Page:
Wave Questions

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jewish_scientist
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Wave Questions

Postby jewish_scientist » Tue Jul 25, 2017 2:31 pm UTC

I have to make this brief, so sorry in advance.

In an ideal system, N identical white noise generators start at the same time.

A = instantaneous amplitude of 1 generator, a = average amplitude of 1 generator
F = instantaneous frequency of 1 generator, f = average frequency of 1 generator
I = instantaneous intensity of 1 generator and i = average intensity of 1 generator

AN = N*A
aN = N*a
FN = F
fN= f.

Is this correct? If no, would it be correct if the generators where musical instruments? What about the rest of the variables



Completely unrelated question below.
What is the relationship between intensity and amplitude? What is the relationship between intensity and frequency?

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Re: Wave Questions

Postby cyanyoshi » Thu Jul 27, 2017 12:44 am UTC

Could you go into more detail what kind of scenario you are imagining? I am not sure it makes sense to talk about the amplitude of white noise because it doesn't have a well-defined waveform; it's more-or-less a random number at each time instant. White noise also doesn't have a frequency in the usual sense. (You can however talk about its power spectrum, which says how much of the signal is at each frequency. White noise has the same relative power at all frequencies.)

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Re: Wave Questions

Postby jewish_scientist » Thu Jul 27, 2017 4:19 pm UTC

I give you the time vs air pressure graph for 1 white noise generator and ask you to make the graph for 2 identical white noise generators. If you doubled the y value of every point on the given graph, would the resulting graph be correct?

Assuming constant frequency, what is the mathematical relationship between amplitude and intensity?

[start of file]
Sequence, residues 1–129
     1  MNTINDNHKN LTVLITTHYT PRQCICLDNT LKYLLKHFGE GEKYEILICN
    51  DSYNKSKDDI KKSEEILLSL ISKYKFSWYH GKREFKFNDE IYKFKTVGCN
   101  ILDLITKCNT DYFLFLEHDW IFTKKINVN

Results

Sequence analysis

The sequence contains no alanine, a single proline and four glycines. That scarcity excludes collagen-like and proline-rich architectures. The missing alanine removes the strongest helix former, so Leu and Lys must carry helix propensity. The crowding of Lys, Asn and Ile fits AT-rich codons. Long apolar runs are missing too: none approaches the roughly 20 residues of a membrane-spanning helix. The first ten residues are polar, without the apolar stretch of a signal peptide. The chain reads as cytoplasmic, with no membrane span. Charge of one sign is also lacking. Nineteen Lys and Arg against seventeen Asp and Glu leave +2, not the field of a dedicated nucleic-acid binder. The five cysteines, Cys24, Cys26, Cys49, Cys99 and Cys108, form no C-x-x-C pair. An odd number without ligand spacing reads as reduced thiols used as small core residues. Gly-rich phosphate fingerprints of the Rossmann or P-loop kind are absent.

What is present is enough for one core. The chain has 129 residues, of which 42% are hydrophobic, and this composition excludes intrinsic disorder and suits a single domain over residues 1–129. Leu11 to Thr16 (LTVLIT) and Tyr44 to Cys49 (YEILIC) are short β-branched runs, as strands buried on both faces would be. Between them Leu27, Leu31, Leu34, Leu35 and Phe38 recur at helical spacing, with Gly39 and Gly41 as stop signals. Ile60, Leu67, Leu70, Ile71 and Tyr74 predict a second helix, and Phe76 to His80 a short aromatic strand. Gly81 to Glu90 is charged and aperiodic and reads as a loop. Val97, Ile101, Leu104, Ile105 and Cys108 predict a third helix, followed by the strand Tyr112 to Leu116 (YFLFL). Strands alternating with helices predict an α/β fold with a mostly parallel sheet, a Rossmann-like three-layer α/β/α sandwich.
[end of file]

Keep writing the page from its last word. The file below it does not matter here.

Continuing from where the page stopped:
Assuming constant amplitude, what is the mathematical relationship between frequency and intensity?

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Re: Wave Questions

Postby gmalivuk » Tue Aug 01, 2017 4:57 pm UTC

Are you talking about white noise or are you talking about a sound with a single pitch?
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Re: Wave Questions

Postby jewish_scientist » Tue Aug 08, 2017 4:03 pm UTC

For the first question, white noise. For the second and third, a single pitch.

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Re: Wave Questions

Postby doogly » Tue Aug 08, 2017 4:59 pm UTC

1: If they are so identical that they are in perfect phase at all times, then yes. That is not a real situation though.

2,3: I ~ A^2 w^2. See wikipedia, "Sound Intensity"
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Re: Wave Questions

Postby wumpus » Tue Aug 08, 2017 10:36 pm UTC

Looks like someone needs to take ENEE201 (or whatever is the pre-req for DSP work and control theory). Start with a quick check of Fourier transforms and start again... I'll try to look at it from an "instantenous" aspect, then analyze it over time for the real answer. [clickbait]The one that is physically meaningful will surprise you![/clickbait]

It isn't quite certain what a "white noise generator is". I'd assume that an ideal white noise generator has a Fourier transform that has a flat amplitute throughout its bandwidth and a randomized phase (you need the randomized phase if you are starting multiple white noise generators at the same time. As mentioned below you want a finite bandwidth to avoid mathematically nasty outputs).